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What we know — and don’t know — about Hamilton’s return to the classroom

·2 min read

Hamilton school boards are waiting to hear from the province on whether students will be back in classrooms on Feb. 11.

Kids are currently learning remotely — under a 28-day stay-at-home order issued by the province in an effort to curb the spread of COVID-19 — until at least Feb. 10.

In an email to The Spectator, Catholic board chair Pat Daly said he’s been told in calls with Ministry of Education officials that they hope to provide information “as early as possible next week” to help boards prepare.

Daly said the ministry has indicated “they are going to give boards as much notice as possible.”

The Hamilton-Wentworth District School Board said they’re preparing for Feb. 11 as the date students will return to in-person learning, but hope the ministry would provide “as much notice as possible” should the province announce a further extension to remote learning.

Last week, the city’s public board penned a letter to Prime Minister Justin Trudeau, Premier Doug Ford and Mayor Fred Eisenberger calling for clarity for families and educators in school reopening plans.

“We’ve had a pattern of communication from the government ... where we’ve had fairly late notice for a number of decisions that really impact families,” board chair Dawn Danko said in a Jan. 20 interview with The Spectator. “We need time to plan and prepare.”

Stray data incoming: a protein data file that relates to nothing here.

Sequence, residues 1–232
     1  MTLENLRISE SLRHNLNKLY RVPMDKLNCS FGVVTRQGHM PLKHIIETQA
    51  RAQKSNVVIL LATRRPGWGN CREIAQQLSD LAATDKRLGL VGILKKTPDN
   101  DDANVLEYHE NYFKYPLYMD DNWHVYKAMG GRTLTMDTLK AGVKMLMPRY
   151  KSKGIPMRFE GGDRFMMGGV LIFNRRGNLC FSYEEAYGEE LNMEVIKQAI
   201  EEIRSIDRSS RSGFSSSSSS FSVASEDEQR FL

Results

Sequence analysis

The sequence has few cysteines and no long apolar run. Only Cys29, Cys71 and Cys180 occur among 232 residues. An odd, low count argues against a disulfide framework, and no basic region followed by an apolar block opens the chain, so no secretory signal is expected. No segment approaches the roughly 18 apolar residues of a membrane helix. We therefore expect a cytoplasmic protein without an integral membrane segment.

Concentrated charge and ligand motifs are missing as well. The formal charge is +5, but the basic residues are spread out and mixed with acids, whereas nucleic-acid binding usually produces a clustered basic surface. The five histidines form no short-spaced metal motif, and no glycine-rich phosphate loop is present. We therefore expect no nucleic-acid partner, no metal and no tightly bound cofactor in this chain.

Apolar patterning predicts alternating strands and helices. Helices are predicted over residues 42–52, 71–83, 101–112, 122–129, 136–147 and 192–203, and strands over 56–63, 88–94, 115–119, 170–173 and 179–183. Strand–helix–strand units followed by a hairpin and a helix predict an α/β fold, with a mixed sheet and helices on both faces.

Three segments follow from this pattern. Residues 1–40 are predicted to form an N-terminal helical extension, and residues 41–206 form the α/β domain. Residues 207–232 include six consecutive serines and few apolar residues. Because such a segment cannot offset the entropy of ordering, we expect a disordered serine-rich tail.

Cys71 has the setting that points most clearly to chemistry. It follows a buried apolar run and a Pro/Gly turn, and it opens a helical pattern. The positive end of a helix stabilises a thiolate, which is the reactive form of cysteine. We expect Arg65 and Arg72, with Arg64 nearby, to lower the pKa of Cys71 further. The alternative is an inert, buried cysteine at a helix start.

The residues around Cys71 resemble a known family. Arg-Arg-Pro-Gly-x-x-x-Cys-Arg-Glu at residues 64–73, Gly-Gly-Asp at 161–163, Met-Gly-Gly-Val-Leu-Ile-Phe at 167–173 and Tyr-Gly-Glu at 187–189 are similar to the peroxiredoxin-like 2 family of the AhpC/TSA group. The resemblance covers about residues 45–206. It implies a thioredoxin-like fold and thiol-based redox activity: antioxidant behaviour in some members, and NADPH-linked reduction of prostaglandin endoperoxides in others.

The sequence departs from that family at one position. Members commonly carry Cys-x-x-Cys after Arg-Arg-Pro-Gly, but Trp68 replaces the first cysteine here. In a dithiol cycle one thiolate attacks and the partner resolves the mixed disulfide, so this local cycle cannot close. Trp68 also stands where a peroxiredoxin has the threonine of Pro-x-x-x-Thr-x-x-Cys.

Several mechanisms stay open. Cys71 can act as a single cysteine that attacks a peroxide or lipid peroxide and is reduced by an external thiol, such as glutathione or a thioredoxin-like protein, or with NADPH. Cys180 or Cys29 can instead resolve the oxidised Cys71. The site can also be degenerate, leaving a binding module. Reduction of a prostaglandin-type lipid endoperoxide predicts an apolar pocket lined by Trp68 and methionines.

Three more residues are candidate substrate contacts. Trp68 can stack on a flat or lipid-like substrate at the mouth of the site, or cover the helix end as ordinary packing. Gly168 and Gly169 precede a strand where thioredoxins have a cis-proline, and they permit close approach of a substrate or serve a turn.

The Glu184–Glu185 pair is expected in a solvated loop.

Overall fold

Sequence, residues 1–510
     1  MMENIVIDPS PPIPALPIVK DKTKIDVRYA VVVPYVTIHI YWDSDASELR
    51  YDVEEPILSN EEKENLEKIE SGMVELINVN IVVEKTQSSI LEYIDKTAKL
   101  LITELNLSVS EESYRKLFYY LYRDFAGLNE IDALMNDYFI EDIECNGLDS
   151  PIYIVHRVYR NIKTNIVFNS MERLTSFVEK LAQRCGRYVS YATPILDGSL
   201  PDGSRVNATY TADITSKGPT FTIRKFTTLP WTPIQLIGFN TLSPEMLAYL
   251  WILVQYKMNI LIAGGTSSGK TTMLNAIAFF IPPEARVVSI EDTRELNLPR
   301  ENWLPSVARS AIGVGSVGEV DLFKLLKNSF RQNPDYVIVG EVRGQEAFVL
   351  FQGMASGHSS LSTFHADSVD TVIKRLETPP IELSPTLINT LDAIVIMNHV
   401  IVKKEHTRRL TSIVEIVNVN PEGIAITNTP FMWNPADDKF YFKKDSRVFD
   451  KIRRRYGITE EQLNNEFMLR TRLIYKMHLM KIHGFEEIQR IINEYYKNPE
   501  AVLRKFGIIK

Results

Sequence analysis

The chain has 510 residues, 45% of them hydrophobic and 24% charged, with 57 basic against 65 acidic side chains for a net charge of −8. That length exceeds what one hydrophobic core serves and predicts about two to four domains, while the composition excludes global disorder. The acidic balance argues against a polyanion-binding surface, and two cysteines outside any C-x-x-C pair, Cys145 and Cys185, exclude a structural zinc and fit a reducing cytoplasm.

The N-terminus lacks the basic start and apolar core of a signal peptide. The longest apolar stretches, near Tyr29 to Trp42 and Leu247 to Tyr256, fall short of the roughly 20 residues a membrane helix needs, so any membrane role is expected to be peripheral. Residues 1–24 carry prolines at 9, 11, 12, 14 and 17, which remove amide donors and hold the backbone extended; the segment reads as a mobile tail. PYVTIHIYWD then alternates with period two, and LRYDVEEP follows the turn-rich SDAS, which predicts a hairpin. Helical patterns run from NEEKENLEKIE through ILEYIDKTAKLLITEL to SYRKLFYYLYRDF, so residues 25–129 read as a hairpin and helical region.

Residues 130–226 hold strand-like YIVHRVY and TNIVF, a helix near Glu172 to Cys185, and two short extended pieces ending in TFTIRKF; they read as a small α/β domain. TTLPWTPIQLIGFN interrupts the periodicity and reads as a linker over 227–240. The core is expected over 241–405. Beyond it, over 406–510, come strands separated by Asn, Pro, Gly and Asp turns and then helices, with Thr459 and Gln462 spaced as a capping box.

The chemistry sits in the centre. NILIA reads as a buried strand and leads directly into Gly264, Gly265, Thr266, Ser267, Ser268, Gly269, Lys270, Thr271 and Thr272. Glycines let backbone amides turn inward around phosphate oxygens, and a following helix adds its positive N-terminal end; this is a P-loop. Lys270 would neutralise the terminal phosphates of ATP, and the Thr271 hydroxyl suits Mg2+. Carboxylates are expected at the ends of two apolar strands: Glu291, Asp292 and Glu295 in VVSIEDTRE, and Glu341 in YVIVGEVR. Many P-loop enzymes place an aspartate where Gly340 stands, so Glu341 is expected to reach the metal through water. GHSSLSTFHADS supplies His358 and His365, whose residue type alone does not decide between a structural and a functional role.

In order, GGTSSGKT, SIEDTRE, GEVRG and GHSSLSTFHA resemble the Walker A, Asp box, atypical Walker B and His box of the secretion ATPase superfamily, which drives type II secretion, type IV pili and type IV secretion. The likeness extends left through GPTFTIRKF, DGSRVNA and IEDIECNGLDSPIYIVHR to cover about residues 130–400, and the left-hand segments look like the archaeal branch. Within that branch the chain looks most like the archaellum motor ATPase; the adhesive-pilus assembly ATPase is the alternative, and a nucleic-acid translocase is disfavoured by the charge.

The province announced on Jan. 20 that students in Halton, Brantford, Haldimand and Norfolk, among others, would not return to in-person learning on Jan. 25, as previously planned. Schools in seven public health units, including Grey Bruce, Kingston and Peterborough, were given the go-ahead to reopen.

“We’re watching all of the others as well very carefully,” Dr. Barbara Yaffe, Ontario’s associate chief medical officer of health, said in a Jan. 21 news conference.

In the letter, the HWDSB also asked the province for pandemic pay for educators “attending in-person at a physical school” — many since Jan. 4 — to recognize “the elevated risk” to staff supporting students with special needs in schools during the remote-learning period.

“We have yet to hear an official response from our letter to the three levels of government,” said HWDSB spokesperson Shawn McKillop in an email to The Spectator.

Kate McCullough, Local Journalism Initiative Reporter, The Hamilton Spectator